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Voter ID law may hit more in Pa. than originally estimated

More than 758,000 registered voters in Pennsylvania do not have photo identification cards from the state Transportation Department, putting their voting rights at risk in the November election, according to data released Tuesday by state election officials.

More than 758,000 registered voters in Pennsylvania do not have photo identification cards from the state Transportation Department, putting their voting rights at risk in the November election, according to data released Tuesday by state election officials.

The figures - representing 9.2 percent of the state's 8.2 million voters - are significantly higher than prior estimates by the Corbett administration. Secretary of the Commonwealth Carol Aichele has repeatedly said that 99 percent of Pennsylvania's voters already had the photo ID they will need at the polls in November.

The new numbers, based on a comparison of voter registration rolls with PennDot ID databases, shows the potential problem is much bigger, particularly in Philadelphia, where 186,830 registered voters - 18 percent of the city's total registration - do not have PennDot ID.

Under Pennsylvania's new voter ID law, various other forms of photo identification will be accepted at voting places in November, including U.S. passports, student identification cards with expiration dates, current military identification, and ID cards issued to government employees.

But for most voters, the Pennsylvania driver's license is the standard photo ID. The disclosure that 9 percent of the state's registered voters don't have one - or an alternative, nondriver PennDot photo ID - provides a clearer picture of the hurdle set up by the state's new voter ID requirement.

Republican lawmakers pushed the bill through the legislature in March and it was signed into law by Gov. Corbett, over protests from Democrats that the measure would disenfranchise thousands of voters, disproportionately affecting those without driver's licenses - the poor, the elderly, and the young.

House Republican leader Mike Turzai acknowledged the law's political implications at a Republican State Committee meeting last month.

"Voter ID - which is going to allow Gov. Romney to win the state of Pennsylvania - done," Turzai told the crowd, which burst into applause, as he listed legislative accomplishments under GOP control.

The law still faces a legal challenge as a possible violation of the state constitution. Commonwealth Court Judge Robert Simpson scheduled a July 25 hearing and his decision is likely to reach the state Supreme Court before November.

Aichele's department issued the figures Tuesday without mentioning her past estimates.

"This thorough comparison of databases confirms that most Pennsylvanians have acceptable photo ID for voting this November," she said in a news release. "This comparison takes into account only voters with PennDot IDs, and does not include voters who may have any of the other various acceptable forms of ID."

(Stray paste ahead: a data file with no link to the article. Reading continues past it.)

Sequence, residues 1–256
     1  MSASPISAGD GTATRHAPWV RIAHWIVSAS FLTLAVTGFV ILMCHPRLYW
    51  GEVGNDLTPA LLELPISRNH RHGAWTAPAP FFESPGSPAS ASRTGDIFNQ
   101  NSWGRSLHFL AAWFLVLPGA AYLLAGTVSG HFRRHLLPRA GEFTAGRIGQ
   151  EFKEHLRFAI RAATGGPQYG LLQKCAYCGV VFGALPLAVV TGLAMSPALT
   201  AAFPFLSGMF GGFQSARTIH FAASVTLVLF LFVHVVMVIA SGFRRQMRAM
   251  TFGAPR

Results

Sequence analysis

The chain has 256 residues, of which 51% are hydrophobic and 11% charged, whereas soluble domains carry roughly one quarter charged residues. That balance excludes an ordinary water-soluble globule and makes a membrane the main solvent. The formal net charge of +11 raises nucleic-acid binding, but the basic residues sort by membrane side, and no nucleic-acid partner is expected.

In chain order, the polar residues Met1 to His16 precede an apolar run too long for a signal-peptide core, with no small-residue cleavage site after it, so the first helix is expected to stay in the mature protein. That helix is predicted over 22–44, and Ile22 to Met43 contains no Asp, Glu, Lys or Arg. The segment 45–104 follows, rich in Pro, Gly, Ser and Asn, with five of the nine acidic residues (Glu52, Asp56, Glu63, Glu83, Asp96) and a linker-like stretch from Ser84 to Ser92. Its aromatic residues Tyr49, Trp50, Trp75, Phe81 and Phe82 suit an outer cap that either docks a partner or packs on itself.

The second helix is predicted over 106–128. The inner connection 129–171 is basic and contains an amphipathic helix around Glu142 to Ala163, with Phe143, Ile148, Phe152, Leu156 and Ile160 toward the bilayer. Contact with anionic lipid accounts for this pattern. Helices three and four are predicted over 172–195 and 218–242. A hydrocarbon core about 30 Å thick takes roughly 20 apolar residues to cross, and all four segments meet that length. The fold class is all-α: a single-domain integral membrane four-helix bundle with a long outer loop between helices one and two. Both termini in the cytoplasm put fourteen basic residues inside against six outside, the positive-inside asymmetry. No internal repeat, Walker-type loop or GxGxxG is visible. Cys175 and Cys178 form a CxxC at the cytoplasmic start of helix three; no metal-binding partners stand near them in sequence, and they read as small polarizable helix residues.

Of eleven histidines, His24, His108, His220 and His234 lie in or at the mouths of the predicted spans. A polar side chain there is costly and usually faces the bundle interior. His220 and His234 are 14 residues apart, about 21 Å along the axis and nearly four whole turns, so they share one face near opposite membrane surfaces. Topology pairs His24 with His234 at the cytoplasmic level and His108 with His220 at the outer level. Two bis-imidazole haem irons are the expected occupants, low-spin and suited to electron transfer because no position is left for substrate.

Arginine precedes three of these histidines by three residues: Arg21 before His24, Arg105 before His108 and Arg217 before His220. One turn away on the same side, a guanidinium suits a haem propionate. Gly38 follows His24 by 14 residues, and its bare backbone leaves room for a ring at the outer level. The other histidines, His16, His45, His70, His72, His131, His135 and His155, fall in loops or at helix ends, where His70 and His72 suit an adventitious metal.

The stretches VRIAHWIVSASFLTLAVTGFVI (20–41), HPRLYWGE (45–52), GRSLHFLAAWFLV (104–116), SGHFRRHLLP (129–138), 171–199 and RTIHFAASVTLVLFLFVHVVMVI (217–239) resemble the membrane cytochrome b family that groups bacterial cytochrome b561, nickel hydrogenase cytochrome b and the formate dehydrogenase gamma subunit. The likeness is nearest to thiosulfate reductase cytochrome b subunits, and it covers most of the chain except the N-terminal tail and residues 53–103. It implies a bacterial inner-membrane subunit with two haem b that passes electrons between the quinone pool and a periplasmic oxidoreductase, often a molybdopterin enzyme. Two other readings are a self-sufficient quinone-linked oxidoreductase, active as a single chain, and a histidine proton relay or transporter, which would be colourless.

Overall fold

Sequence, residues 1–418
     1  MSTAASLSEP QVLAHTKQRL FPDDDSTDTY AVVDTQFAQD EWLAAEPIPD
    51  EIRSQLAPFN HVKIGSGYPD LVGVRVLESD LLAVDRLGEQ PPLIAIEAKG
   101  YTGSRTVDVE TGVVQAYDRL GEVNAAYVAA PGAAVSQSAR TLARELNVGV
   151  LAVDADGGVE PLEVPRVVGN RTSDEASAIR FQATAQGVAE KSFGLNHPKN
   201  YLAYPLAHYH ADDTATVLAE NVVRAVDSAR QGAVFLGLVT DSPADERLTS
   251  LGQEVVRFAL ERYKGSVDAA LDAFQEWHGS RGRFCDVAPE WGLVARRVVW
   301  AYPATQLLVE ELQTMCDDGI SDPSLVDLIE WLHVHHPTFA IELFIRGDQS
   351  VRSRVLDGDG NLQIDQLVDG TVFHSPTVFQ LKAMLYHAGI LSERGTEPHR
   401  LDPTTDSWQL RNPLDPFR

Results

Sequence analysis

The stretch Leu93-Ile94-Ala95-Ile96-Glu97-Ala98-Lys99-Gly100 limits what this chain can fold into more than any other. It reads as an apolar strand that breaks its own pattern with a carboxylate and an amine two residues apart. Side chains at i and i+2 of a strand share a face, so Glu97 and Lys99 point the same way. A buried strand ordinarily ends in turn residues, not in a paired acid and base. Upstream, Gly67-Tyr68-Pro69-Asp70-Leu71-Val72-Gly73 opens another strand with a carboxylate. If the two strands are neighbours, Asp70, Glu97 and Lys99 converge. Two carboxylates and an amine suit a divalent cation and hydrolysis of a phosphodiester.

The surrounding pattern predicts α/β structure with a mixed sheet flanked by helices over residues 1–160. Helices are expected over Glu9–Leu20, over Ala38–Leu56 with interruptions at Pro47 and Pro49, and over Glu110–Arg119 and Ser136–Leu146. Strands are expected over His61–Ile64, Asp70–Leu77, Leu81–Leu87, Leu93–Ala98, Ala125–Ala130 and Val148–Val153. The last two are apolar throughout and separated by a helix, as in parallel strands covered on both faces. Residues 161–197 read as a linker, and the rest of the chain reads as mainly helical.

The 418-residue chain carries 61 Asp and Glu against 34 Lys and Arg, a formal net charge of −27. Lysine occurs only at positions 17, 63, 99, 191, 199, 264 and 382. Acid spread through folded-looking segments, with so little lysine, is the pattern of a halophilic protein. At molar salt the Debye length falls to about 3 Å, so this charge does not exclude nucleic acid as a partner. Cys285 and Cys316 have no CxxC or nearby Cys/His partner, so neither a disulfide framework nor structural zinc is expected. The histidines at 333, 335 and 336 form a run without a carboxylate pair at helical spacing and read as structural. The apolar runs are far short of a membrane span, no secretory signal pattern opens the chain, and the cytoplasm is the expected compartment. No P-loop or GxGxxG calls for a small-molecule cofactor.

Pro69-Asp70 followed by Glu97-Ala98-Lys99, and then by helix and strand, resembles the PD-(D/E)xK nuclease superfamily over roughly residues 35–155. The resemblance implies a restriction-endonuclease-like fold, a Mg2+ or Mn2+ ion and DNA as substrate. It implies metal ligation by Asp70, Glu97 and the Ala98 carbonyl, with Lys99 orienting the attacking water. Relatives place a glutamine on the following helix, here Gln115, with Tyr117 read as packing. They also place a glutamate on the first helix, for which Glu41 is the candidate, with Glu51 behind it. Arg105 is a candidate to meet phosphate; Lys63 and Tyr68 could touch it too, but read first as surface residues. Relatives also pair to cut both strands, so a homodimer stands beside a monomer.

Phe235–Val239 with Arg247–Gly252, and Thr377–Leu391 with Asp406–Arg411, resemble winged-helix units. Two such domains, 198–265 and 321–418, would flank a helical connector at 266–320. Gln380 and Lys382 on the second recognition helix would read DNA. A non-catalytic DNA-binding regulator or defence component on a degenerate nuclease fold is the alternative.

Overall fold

A Department of State spokesman, Ron Ruman, noted that 167,566 of the registered voters without PennDot ID were classified as "inactive," not having voted in the last four years. "Our experience is, a lot of these people are former college students who don't live here anymore," he said in an interview.

He said the methodology used by PennDot and the Department of State - a match of first names, last names and birth dates - may also have missed some voters who have PennDot ID.

For example, if someone named Anna Nicole Jones registered to vote as Anna Jones but got her driver's license as Nicole Jones, she would be listed as a non-match, Ruman said.

Philadelphia's top election official, City Commission Chair Stephanie Singer, said the figures reinforced her view that the state's new law was designed to suppress voter turnout in the predominantly Democratic city.

With 18 percent of voters not having PennDot ID, she said, "Philadelphia is hit much harder by this than any of the other counties."

Singer had sought to obtain PennDot's data directly and set up a telephone call last month to speak to PennDot Secretary Barry J. Schoch.

But Aichele's office found out about the call and canceled it on the ground that the Department of State was supposed to be the point agency for all matters involving voter ID.

Singer said she now was anxious to receive the state data including names and addresses for those without PennDot ID - data that the state initially promised to send her office in May, Singer said.

Ruman said the state planned to distribute the lists to county election boards by next week. In addition, he said, the state intends to send letters this summer to all voters without PennDot ID telling them of the new law, the types of ID that will be necessary to vote in November, and how to obtain suitable ID if they need it.

Behind Philadelphia's 18 percent, nine other counties - Allegheny, Cameron, Centre, Cumberland, Delaware, Lackawanna, Lawrence, Montour, and Union - were reported to have 10 percent to 12 percent of their voters without PennDot ID. In the other 57 counties, more than 90 percent of voters reportedly had driver's licenses or nondriver ID, according to the state data.

More information on the voter ID law is available on a state website at or by calling 1-877-VOTESPA (1-877-868-3772) during business hours.